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Japanese bride in her tsunokakushi

Tsunokakushi (角隠し), which means "horn-hiding," is a traditional headgear worn in Shinto wedding ceremonies in Japan.

Tsunokakushi is a rectangular piece of cloth, which covers the bridal high topknot called Bunkin Takashimada(文金高島田 bunkin takashimada), a kind of Mage(髷 mage), Japanese traditional topknot. It's often made of white silk.

This is traditionally worn to veil the bride's horns of jealousy, ego and selfishness. It also symbolizes the bride's resolve to become a gentle and obedient wife.[1][2]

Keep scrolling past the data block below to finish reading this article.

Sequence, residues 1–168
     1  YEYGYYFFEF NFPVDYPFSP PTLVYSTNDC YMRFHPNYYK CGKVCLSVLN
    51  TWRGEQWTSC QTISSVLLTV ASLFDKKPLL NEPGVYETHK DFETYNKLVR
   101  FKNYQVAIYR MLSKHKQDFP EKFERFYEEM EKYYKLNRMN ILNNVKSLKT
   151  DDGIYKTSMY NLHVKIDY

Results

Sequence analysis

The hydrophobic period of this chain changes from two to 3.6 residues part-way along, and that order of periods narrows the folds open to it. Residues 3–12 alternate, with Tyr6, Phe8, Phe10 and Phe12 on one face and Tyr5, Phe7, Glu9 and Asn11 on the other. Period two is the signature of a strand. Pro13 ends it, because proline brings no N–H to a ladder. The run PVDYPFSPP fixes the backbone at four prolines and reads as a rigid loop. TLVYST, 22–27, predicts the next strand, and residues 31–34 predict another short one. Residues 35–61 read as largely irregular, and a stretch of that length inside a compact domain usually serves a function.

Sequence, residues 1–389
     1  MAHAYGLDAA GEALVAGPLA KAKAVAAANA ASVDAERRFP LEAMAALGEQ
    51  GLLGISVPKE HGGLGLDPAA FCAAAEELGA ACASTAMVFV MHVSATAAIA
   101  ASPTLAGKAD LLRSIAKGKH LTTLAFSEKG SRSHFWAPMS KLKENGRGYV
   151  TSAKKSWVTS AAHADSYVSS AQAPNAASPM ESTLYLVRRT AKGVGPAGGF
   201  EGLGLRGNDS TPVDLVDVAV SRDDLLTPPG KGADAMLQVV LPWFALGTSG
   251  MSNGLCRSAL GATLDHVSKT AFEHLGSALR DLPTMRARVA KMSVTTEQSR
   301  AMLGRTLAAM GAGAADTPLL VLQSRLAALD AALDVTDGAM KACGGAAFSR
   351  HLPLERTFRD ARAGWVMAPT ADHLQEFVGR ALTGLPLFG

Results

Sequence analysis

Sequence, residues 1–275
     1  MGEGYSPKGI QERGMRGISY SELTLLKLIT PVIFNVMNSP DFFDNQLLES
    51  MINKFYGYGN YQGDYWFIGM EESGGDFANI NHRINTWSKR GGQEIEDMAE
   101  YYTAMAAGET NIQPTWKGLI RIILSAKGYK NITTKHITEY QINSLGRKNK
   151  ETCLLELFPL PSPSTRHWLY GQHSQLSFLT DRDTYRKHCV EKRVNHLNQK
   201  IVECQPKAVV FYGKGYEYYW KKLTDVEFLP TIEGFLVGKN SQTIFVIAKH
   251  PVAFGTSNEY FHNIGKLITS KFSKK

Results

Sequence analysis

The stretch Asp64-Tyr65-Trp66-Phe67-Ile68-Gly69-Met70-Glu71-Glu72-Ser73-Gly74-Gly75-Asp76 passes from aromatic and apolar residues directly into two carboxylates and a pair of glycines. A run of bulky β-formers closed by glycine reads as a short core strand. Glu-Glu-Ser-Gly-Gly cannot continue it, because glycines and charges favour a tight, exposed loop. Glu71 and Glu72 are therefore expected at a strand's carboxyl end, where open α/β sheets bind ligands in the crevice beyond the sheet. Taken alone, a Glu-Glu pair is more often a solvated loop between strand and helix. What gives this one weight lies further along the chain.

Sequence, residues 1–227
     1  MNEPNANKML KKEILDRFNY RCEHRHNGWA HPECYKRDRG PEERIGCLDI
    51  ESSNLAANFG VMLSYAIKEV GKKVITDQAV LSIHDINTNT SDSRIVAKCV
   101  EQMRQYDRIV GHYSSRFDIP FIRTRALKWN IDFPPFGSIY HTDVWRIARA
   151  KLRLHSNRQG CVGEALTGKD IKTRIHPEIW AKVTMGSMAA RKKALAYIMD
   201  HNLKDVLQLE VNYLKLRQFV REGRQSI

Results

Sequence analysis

See also[edit]


  1. ^ Buckley, Sandra (2002). Encyclopedia of contemporary Japanese culture. Taylor & Francis. pp. 560–561. ISBN 978-0-415-14344-8.
  2. ^ Jeremy, Michael; Michael Ernest Robinson (1989). Ceremony and symbolism in the Japanese home. Manchester University Press ND. p. 116. ISBN 978-0-7190-2506-8.